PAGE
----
ANSYS ADVANTAGE MAGAZINE
Racing through the streets of some of the most iconic cities in the world, some of the biggest drivers and teams in motorsports compete in the ABB FIA Formula E World Championship. This racing series is designed to push the limits of electric vehicle technology. During these high-speed, single-seater matchups, world-class drivers test their skills over a period of 45 minutes at speeds up to 174 mph (280 km/h) through winding, narrow urban racetracks.
With an ABB Formula E mandate on total energy consumption per team, wins are not just defined by speed, but also by kilowatt hours, so the efficiency of the race car’s powertrain is critical to a team’s success. For the TAG Heuer Porsche Formula E Team, a win on a race day depends, in part, on the team’s access to a simulation environment that can help them quickly analyze electric powertrain component performance and gain insights into the mechanisms that impact efficiency. Using Ansys Maxwell and Ansys Twin Builder simulation software, the team can detect and optimize the smallest of details in the powertrain to realize improvements in an extremely high-efficiency environment where every
Electric powertrain dynamics are ruled by two things: overall efficiency and component efficiency, both of which must be optimized over a wide range of operating points. For example, if the torque or speed is too high or too low, energy is wasted. Inverters are the pathway through which battery power is converted during driving and delivered to the engine, so they play a critical role in overall powertrain efficiency. It is the inverter that does the switching (electrical conversion) from battery DC to high-frequency, high-voltage AC required by the engine during a race. The faster the switch speed, the more power an inverter can handle with fewer electrical losses.
To maintain their competitive edge in the ABB Formula E World Championship, the TAG Heuer Porsche Formula E Team set its sights on tuning their powertrain to achieve 60-second lap drive cycles, which represent the speed of the vehicle over time. Each cycle requires one electric period (the duration when energy is delivered) of between 10 milliseconds and 0.5 milliseconds, with an inverter switching period (the rate at which the switching device is turned on and off to deliver this energy) of just 0.1 milliseconds to 0.03 milliseconds. Examining powertrain efficiencies at both the component and the system levels, the team can better address electrical losses to achieve the targeted time scales.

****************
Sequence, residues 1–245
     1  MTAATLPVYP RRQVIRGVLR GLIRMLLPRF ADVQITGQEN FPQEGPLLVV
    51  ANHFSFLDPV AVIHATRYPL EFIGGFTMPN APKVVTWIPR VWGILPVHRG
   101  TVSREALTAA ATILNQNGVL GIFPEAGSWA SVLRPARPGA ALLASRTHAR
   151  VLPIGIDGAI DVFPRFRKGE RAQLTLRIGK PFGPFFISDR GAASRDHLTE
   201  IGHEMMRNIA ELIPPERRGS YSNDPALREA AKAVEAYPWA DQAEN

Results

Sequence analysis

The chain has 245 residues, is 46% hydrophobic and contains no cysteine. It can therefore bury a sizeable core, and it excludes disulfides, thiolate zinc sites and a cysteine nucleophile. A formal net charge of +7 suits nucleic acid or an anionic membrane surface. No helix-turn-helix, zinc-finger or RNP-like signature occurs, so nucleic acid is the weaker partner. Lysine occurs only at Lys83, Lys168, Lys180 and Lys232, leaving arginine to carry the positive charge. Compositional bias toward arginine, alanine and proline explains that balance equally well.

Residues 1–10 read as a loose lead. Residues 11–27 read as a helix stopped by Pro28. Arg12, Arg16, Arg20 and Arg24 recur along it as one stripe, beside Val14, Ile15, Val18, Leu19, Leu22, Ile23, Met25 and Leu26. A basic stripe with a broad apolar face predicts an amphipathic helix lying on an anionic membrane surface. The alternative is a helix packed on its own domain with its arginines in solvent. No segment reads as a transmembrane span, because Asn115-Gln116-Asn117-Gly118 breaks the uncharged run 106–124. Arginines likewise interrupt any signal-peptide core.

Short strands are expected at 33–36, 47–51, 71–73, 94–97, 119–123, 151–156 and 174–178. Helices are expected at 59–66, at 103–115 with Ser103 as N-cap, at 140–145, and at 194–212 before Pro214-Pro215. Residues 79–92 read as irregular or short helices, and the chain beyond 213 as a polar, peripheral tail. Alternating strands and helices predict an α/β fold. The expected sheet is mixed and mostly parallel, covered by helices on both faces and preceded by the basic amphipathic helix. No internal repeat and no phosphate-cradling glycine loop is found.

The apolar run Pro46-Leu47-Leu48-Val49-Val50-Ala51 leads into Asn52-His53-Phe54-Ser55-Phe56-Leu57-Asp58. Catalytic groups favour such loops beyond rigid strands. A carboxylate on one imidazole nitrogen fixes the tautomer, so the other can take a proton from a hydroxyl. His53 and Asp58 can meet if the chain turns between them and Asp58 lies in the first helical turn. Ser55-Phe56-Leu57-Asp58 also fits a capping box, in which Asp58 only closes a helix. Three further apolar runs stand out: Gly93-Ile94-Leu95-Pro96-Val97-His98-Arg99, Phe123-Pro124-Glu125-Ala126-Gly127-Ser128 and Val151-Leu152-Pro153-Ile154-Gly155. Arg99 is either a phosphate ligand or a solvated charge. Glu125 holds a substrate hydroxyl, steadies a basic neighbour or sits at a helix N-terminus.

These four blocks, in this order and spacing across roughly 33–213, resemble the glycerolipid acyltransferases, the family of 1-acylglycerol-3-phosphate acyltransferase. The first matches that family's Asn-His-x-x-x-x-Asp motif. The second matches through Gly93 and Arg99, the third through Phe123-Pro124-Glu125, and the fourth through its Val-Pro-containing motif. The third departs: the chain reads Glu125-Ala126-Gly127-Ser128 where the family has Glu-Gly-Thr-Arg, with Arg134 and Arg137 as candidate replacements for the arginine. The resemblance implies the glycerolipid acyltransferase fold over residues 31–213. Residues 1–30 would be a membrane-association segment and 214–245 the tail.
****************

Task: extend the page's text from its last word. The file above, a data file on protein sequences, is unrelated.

Ansys simulation software plays a big role in optimizing the TAG Heuer Porsche Formula E powertrain dynamics through data collection and analysis of electrical loss. Simulating drive cycles using Maxwell, the team (from the development center in Weissach) can see the impact of voltage changes on battery charge loss to pinpoint and minimize electrical loss during each lap over the course of a race. The team also uses Maxwell separately during one electrical period to simulate the full operating range of the electrical machine and its interaction with the inverter to identify loss results with greater precision. And, faced with the potentially time-consuming process of inverter switch loss calculations, the team adopted Twin Builder to measure switching losses quickly using data from the manufacturer, combined with their own measurements and testing.